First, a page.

If there’s any time to be a horror fan, it's during October when highly anticipated horror movies dominate theaters. This year saw many well-known horror franchises, such as “Halloween” and “Scream,” continue their legacies on the silver screen. Others, such as “Hellraiser” (2022), released Oct. 7 on Hulu, break expectations and carve out their own spaces within franchises.
The film almost completely abandons the characters from the “Hellraiser” franchise and Clive Barker’s two novels “The Hellbound Heart” and film tie-in “The Scarlet Gospels.” The movie centers on recovering addict Riley McKendry (Odessa A’zion) as and her struggle to get her brother back from the forces of hell (the Cenobites).
We follow Riley as she struggles with addiction and fights through her grief while she tries to outwit a greedy sadist’s (Goran Visnjic) plot to regain the Lament Configuration, a puzzle box that summons the hellspawn (Cenobites) and ultimately their god, Leviathan, Lord of the Labyrinth, for a boon.
The plots of the “Hellraiser” movies have stayed the same throughout the franchise — a greedy person gets hold of the Lament Configuration, they cause trouble for everyone who happens to be near them and the protagonists have to outwit the Cenobites. This film differs in that the people fighting the Cenobites could be considered good. You want to root for them, and it feels good when they triumph, but it also hurts more when they get torn apart.
I began the movie with hope that the main character would get torn apart because of A’zion’s fantastic portrayal of McKendry’s selfish characteristics. The side characters, though — as well as Jamie Clayton’s portrayal of the Hell Priest/Pinhead — kept me engaged.
Speaking of Pinhead, the Cenobites in this rendition are entirely different, in both good and bad ways. They feel ethereal despite being quite literally of hell.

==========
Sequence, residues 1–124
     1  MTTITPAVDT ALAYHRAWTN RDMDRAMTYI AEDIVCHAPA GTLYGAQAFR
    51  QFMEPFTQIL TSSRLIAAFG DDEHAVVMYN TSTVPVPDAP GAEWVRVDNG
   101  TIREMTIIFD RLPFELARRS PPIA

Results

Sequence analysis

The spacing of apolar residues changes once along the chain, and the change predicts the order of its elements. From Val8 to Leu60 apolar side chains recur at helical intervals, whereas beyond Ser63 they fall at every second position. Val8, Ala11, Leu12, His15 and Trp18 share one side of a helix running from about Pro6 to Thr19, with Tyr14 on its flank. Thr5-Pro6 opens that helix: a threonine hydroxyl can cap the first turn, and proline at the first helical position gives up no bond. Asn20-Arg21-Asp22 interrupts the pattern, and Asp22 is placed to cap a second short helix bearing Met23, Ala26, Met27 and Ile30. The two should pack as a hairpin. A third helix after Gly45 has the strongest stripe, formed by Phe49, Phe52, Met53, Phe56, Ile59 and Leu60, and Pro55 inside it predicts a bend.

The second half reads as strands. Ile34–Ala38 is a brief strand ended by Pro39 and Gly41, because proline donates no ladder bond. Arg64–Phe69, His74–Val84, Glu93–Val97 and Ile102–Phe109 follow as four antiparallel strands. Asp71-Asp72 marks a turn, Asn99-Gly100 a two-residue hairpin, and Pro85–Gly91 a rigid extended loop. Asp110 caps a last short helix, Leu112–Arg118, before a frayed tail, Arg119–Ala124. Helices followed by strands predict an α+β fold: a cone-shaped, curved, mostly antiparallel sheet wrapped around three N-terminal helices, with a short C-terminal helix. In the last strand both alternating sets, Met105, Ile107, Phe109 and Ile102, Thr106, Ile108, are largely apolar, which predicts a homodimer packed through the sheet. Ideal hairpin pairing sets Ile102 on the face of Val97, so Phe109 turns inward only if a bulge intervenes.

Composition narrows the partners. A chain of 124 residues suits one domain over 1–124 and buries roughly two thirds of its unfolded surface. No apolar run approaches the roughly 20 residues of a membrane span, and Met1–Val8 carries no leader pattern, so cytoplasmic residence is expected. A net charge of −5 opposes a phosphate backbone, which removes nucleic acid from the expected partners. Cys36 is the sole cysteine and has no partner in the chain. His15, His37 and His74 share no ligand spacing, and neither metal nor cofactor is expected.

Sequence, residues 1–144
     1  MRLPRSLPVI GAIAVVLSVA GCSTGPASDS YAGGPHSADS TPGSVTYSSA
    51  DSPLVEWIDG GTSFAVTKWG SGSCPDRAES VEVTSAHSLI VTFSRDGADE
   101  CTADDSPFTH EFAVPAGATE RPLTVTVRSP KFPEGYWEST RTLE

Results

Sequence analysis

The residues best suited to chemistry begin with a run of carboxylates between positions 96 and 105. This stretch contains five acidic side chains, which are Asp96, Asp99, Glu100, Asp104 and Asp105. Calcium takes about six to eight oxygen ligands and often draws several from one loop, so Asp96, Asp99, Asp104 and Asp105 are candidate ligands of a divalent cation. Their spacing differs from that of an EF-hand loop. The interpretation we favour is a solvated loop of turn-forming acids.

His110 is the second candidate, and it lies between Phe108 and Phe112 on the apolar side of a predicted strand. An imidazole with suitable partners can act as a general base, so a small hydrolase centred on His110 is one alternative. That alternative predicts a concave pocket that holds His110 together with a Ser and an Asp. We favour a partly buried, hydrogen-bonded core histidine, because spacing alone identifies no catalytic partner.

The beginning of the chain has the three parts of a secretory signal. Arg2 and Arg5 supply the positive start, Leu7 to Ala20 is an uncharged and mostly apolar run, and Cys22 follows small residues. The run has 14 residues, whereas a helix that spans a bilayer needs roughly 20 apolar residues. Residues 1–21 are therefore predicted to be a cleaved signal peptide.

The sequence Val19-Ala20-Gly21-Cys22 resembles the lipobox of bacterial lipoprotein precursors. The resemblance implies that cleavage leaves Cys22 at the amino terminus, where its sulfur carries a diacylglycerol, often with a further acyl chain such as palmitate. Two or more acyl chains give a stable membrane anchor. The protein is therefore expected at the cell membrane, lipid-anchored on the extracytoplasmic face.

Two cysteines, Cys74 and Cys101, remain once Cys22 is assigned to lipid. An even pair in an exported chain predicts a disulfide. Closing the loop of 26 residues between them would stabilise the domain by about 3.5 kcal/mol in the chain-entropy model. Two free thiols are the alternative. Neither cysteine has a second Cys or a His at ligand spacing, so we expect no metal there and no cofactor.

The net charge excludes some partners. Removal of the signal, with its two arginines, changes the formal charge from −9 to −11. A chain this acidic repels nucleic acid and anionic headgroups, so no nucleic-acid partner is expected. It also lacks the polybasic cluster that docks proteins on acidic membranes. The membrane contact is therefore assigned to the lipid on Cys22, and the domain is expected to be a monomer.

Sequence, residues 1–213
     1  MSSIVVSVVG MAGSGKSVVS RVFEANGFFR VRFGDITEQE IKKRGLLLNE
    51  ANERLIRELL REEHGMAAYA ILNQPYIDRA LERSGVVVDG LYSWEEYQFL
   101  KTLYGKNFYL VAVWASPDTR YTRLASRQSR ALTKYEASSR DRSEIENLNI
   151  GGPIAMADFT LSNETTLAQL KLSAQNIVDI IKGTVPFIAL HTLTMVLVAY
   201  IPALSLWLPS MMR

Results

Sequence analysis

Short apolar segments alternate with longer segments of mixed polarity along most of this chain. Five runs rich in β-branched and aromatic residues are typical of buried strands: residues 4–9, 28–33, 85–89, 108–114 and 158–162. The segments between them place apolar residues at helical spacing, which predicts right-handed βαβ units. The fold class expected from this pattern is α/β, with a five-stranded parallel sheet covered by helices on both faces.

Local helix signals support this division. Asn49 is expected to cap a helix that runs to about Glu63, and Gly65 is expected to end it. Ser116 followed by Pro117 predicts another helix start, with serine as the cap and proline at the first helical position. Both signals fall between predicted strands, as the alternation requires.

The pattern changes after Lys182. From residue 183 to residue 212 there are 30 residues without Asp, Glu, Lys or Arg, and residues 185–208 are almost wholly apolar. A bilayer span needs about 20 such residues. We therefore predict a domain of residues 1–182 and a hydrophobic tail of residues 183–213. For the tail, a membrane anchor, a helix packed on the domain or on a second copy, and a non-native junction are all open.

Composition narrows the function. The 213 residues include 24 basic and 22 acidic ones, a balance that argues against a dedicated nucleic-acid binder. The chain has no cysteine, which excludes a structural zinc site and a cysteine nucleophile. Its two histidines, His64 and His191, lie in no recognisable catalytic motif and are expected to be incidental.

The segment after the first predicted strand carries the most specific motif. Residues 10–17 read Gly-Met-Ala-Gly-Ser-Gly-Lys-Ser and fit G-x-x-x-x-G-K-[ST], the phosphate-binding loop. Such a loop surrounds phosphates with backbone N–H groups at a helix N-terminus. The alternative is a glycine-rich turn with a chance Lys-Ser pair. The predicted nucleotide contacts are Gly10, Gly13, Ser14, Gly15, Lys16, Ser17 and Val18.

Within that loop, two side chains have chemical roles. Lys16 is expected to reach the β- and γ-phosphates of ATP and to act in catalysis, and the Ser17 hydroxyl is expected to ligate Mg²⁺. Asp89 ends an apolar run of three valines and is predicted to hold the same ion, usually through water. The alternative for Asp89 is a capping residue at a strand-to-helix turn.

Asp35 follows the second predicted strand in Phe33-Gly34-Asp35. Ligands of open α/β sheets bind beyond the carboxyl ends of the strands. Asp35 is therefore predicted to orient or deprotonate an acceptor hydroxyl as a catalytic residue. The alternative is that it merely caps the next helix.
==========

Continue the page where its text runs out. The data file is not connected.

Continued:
Part of this is their loss of the black leather costumes from the original franchise. In an interview with “Bloody Disgusting,” director David Bruckner discussed that the 1980s’ depiction of BDSM would no longer feel as shocking as it once did. The Cenobites’ destroyed skin is instead meant to resemble intricate leatherwear.
This new costuming helps to distinguish the Cenobites from the dark atmospheres that dominate most of the movie. On the other side, the human characters are dressed in clothes that convey warmth and a sense of humanity. For me, these new costumes make the Cenobites seem weaker, more human — I could not be scared of them after realizing they were essentially wearing no clothes.
Hellraiser is an ugly movie in the sense of its graphic nature. After all, forces of Hell testing the limits of the human experience in violent ways isn’t for everyone. There’s a beauty, however, in the uncaring curiosity of the Cenobites.
Although this version of “Hellraiser” does well in creating its own vision, there are enough nods back to the original to keep fans like me satisfied.
I went into this movie feeling like no one could ever compare to Doug Bradley’s 1987 version of Pinhead. I’m not ashamed to admit I was wrong. Jamie Clayton creates a Pinhead closer to the depiction found in Barker’s novels, one that is androgynous and does not have to exude any sort of active force to get what they want.
From the moment Pinhead appeared on screen, I waited for some iconic Bradley lines from Clayton. When they came, they did not disappoint. Clayton managed to deliver the lines with an entirely different impact, more eerily playful than Bradley. It’s respectable, when you consider how often those particular lines (like “we have such sights to show you”) are referenced in popular culture.
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If you want a gore fest that manages to tackle some of the nuances of addiction, “Hellraiser” (2022) may be for you. Despite the differences — remember that this is a “Hellraiser” movie. It aims to unsettle.
Marcela Johnson is a freelance reporter for the Daily Lobo. She can be contacted at email@example.com or on Twitter @dailylobo